This year, Playground would take the entire first semester in Yellow Cluster, being introduced in October around the same time as the Object activities began.  A whole set of Playground activities were discussed and designed that would parallel and reinforce concepts.  The children lie down on a big piece of butcher paper and trace the outline of their body.  Then they place the actual object they are studying down on the paper and trace over and over how many of those equal the height, the width, and the depth of their bodies.  In Playground, the children could be working with actual pictures they have drawn or even scanned in photographs of their object, to juxtapose against a scanned in photograph of the child's whole body.  In later activities such as "Object Interviews", poems and stories, children get to know their object.  Each thing an object can do can be dramatized in specific movements which can become animation sequences in Playground.  For example, the water bottle pours, sits, and is filled.   Stories written from the point of view of "being an object" start emerging as the children are turning their object into a costume and wearing it.  These stories could be entered into the computer.    Lastly, we hoped to put different children's objects together in the same playfields where surprising combinations of objects and their behaviors might reveal new stories.  One group of objects might live in a child's backpack and travel around having adventures.  Another group of objects might live in the closets at school and work together to cut paper, glue, draw, and paint.

 

About half of these project ideas were tried with the children between October and January.  Children drew a picture of their object (in Canvas) which was transferred to Playground and became a player.   A one paragraph story was typed to be visible on the playfield, and the movements of the player programmed to interpret the story.   After each child completed their own playfield, they combined the players in group playfields.

 

introducing the sentence constructor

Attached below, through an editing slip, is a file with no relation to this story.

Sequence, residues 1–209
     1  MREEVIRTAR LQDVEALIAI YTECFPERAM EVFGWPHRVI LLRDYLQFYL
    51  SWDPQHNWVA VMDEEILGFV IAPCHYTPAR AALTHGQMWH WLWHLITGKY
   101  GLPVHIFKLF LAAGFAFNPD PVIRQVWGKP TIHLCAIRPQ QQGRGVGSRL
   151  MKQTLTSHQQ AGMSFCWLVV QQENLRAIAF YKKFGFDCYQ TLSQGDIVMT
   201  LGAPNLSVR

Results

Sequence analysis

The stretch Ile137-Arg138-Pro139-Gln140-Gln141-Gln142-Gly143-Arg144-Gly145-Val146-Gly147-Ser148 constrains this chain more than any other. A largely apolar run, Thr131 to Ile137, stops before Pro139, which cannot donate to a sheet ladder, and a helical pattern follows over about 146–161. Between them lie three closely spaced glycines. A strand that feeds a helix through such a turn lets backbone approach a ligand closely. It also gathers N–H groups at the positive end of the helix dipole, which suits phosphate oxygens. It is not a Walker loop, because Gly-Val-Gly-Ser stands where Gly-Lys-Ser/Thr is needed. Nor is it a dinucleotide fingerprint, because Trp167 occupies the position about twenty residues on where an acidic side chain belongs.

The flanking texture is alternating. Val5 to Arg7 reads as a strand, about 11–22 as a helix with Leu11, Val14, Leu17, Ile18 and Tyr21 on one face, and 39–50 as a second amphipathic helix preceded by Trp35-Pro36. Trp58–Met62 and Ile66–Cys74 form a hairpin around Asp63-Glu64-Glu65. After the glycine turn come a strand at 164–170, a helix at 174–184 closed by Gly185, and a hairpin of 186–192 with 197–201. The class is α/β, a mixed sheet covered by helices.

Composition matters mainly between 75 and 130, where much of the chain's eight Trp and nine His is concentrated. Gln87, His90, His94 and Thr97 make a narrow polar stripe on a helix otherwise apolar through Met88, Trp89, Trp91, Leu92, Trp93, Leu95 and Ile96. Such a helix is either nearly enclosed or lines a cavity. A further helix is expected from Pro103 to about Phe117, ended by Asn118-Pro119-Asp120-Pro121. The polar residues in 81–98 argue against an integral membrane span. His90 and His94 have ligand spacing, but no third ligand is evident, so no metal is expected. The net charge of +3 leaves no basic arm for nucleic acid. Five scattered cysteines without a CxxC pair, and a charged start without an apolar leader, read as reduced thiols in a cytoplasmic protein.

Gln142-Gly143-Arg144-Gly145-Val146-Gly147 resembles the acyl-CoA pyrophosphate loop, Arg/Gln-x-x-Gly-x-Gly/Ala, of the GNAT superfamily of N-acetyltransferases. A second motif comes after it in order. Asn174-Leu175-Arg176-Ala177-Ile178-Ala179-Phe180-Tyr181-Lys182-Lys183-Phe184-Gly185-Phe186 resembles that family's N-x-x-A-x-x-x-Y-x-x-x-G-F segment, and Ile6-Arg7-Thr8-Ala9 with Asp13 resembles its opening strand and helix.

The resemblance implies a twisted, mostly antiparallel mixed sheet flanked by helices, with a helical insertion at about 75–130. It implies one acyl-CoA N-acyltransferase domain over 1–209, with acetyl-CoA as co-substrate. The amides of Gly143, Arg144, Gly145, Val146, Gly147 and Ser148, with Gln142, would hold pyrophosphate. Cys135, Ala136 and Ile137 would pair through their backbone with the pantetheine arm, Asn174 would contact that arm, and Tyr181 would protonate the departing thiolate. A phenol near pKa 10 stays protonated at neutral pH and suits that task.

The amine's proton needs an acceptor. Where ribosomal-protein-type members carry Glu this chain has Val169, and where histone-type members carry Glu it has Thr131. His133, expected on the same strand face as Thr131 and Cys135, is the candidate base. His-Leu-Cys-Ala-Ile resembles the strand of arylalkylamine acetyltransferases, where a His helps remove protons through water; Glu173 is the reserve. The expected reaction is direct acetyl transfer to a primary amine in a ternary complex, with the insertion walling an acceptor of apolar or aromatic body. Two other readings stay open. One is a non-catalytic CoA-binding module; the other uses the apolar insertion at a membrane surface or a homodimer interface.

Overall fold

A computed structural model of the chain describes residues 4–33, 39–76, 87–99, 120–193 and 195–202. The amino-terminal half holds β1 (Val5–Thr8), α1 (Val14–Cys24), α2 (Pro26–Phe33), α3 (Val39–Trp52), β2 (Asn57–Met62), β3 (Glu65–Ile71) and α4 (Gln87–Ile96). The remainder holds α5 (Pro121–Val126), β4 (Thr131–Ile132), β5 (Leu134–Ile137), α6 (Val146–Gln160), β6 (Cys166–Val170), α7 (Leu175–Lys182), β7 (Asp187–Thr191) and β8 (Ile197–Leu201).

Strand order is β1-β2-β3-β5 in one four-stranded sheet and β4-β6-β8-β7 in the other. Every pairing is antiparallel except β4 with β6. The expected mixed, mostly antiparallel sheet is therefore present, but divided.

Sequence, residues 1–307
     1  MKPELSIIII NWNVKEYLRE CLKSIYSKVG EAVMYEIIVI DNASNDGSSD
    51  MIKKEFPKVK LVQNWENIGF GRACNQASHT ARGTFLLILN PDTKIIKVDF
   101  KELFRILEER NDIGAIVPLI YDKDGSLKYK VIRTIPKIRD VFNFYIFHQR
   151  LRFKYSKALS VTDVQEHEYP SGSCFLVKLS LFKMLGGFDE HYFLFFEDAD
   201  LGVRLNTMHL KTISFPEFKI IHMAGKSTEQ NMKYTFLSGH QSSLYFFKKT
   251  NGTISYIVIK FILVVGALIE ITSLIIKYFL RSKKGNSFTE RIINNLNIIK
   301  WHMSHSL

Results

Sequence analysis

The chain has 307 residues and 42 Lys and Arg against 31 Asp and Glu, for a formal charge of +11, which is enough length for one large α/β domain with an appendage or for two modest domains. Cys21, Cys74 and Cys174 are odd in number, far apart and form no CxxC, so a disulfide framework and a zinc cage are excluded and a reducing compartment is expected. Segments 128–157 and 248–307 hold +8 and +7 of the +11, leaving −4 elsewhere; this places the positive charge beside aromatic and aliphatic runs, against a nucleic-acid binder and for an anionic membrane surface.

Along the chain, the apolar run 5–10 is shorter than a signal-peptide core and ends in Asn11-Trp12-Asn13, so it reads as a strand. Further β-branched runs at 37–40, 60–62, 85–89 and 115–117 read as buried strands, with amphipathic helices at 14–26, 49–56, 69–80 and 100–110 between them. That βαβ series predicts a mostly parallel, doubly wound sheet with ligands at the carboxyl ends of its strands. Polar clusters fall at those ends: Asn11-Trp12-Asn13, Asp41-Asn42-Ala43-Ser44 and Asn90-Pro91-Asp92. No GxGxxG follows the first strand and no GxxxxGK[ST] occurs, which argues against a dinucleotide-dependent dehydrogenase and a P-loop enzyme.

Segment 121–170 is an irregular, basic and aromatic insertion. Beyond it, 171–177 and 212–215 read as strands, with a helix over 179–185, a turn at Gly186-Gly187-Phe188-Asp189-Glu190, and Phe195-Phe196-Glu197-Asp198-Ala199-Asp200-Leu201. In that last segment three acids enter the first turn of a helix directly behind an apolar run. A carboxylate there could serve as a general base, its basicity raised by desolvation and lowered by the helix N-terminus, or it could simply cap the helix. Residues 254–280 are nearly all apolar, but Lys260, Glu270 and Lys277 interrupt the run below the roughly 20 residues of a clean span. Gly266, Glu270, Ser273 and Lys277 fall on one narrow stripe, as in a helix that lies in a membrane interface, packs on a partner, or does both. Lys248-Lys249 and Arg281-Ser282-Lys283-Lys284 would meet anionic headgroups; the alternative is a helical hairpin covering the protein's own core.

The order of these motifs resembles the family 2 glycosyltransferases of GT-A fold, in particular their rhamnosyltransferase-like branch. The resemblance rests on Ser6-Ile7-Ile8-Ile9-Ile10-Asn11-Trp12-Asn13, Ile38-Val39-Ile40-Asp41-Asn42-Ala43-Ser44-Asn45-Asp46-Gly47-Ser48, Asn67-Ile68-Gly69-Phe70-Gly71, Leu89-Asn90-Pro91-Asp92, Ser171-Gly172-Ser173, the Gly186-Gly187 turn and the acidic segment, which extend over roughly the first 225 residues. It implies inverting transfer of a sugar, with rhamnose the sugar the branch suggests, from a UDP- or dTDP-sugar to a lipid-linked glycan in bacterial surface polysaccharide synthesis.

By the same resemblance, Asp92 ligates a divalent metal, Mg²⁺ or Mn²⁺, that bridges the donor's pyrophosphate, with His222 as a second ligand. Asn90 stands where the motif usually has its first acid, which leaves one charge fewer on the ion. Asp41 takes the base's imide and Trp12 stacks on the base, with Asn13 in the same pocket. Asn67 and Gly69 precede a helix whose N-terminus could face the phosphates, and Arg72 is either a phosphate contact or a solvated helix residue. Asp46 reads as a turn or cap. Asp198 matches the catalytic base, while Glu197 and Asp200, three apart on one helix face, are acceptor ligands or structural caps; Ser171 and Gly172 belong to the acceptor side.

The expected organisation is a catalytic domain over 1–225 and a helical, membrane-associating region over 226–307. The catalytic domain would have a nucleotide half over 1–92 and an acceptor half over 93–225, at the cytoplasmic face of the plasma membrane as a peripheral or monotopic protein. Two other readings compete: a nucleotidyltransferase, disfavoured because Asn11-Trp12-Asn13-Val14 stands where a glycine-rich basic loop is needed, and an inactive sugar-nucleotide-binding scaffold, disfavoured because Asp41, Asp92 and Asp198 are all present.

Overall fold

The sentence constructor improved spelling problems and agentname selection tremendously at this grade, which it was specifically designed to do.  Observing in this classroom last year, Playground's programmer Scott Wallace saw both children and adults had difficulty remembering and applying agentnames correctly.  For example, they had a terrible time referencing an external player by using an agentname for a characteristic of the other player which was hidden inside the other player.  To address these problems, Scott implemented the "sentence constructor" , delivered in Playground 3.5 for school year '90-'91.  The "sentence constructor" allows children to assemble legal scripting sentences by menu selection.  When a child needs to use an agentname, a menu presents a list of all the names of agents.  The child avoids the temptation to recollect only agent values, such as Players' names.

 

introducing the constructor with simultaneously executing number agents

Dolores and Leslie made the introduction of the constructor one of the most important curriculum issues for this year, and reworked their projects to provide the least rough transition from one set of constructor menus to the next.   They were intrigued by similarities they saw with "fill in the blank" grammar templates which can be helpful and fun.    From a teaching point of view, Playground 3.5's new sentence constructor proved to be the most awkward thing to teach, and required rethinking many exercises.    This necessitated that the first lessons on the constructor be the simplest and most one to one correspondence to the simplest things you could type in.  The simplest agents to think about dealt with height and width and x and y coordinates.   Using only "Do" (our cat pane), for the number valued agents like Left, Bottom, Width, Height, Heading, students could quickly achieve growing, shrinking and moving.   Teachers had requested "Left" as the word that meant "X" and "Bottom" for "Y".